bunker silo face

Using drought-stressed corn for silage

Corn plants stressed in the field will likely create challenges with ensiling and feeding the resulting forage.

It is estimated that about 3% of the U.S. corn crop experienced drought conditions this year, and if plants were stressed in the field, there will likely be challenges with ensiling and feeding it, according to Lallemand Animal Nutrition.

“First off, nitrates can accumulate when corn is under drought stress, and high levels of nitrates can be harmful to animal health,” said Dr. Renato Schmidt, technical services-forage with Lallemand Animal Nutrition. “We can still produce good silage from drought-stressed corn, as long as the crop is harvested correctly, ensiled well and carefully stored.”

Don’t take high-nitrate corn lightly, Schmidt warned. Even subclinical nitrate toxicity can result in decreased intake, weight gain, production and conception rates, embryonic death and, occasionally, abortions.

Nitrates accumulate in the bottom third of the plant. Therefore, producers should cut drought-stressed corn silage crops higher on the stalk. Assess the degree of drought stress in the field. Then, harvest based on a half to two-thirds milk line and whole-plant dry matter of 32-38% if ear and kernel development appear normal — at least 80% of normal bushel yields. If yield is reduced severely, then harvest based solely on the whole-plant dry matter target value, Schmidt said.

Next, drought-stressed corn tends to have low levels of lactic acid bacteria (LAB), which are essential for driving the initial fermentation process. These crops also tend to have higher levels of yeasts and molds and so tend to have more aerobically stability issues. A proven combination silage inoculant can help address both challenges, Schmidt said.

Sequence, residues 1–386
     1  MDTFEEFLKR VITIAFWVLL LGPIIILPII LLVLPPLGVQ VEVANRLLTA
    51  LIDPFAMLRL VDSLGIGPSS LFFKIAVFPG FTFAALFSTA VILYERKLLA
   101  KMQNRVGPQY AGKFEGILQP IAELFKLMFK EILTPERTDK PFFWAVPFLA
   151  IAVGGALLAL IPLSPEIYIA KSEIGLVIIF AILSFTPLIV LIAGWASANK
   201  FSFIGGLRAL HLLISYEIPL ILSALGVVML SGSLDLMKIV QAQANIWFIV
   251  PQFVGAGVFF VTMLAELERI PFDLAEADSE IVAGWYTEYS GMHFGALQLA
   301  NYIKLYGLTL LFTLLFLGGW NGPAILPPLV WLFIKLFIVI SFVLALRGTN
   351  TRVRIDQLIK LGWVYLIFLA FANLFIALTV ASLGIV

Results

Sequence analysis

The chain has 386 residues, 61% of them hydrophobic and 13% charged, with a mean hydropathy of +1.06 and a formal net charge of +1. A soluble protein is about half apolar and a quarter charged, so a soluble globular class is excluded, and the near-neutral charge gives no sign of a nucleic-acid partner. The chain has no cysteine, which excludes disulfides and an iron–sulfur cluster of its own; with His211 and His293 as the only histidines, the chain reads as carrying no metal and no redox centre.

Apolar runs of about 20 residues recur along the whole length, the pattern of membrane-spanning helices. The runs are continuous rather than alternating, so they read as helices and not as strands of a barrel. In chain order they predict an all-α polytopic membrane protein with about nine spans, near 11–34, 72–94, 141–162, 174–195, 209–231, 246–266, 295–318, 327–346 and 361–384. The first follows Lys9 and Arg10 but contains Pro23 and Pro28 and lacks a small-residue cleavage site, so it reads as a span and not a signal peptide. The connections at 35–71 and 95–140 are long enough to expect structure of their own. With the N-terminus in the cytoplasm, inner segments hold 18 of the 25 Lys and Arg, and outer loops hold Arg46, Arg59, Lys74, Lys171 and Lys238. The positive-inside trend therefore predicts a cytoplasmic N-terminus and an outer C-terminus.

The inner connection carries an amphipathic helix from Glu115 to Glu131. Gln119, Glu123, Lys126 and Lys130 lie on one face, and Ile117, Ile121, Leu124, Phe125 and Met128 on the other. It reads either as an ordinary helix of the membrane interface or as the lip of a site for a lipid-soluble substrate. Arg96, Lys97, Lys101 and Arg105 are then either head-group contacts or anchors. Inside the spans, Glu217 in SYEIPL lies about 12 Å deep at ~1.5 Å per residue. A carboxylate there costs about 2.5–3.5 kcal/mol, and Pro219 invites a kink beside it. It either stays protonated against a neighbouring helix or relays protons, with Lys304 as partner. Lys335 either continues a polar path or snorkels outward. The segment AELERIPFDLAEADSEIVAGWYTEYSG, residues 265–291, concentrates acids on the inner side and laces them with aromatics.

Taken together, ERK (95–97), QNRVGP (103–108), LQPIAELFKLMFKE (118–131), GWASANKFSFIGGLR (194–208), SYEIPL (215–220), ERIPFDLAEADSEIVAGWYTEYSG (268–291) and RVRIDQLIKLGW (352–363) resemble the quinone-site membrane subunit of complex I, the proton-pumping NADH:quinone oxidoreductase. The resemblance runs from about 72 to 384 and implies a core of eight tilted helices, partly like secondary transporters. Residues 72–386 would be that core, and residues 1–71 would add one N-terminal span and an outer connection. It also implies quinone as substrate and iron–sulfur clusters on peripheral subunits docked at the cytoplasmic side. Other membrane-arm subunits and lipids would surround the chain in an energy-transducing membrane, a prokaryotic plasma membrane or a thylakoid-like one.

The ensiling process itself can reduce nitrates by 50-70%, he noted, but it’s important to give ensiling time to work.

“Never feed freshly chopped forage coming from a drought-stressed field,” he said. “It’s important to let forage ensile for at least three to four weeks. Then, introduce it gradually into the ration.”

Testing nitrate levels prior to feeding it to animals helps avoid toxicity. Silage can be incorporated at varying amounts depending on the results, but levels of 1.5% or greater should not be fed.

“Most important when harvesting drought-stressed forage is considering your own safety. Be cautious when unloading silage made from corn with high-nitrate levels,” Schmidt warned. “Nitrogen oxide gasses produced early during ensiling are lethal to both animals and humans.”

Schmidt noted that these gasses are typically a concern only during the first few days of ensiling and tend to accumulate in low areas since they are heavier than air. The gas can be colorless or look reddish-brown. To dissipate the gasses, run the blower for 15-20 minutes before entering an upright silo, and use caution around vents in silo bags. Workers should wear a respirator -- especially when entering an upright silo -- to guard against these gases and also prevent asphyxiation due carbon dioxide, the most common silage gas.

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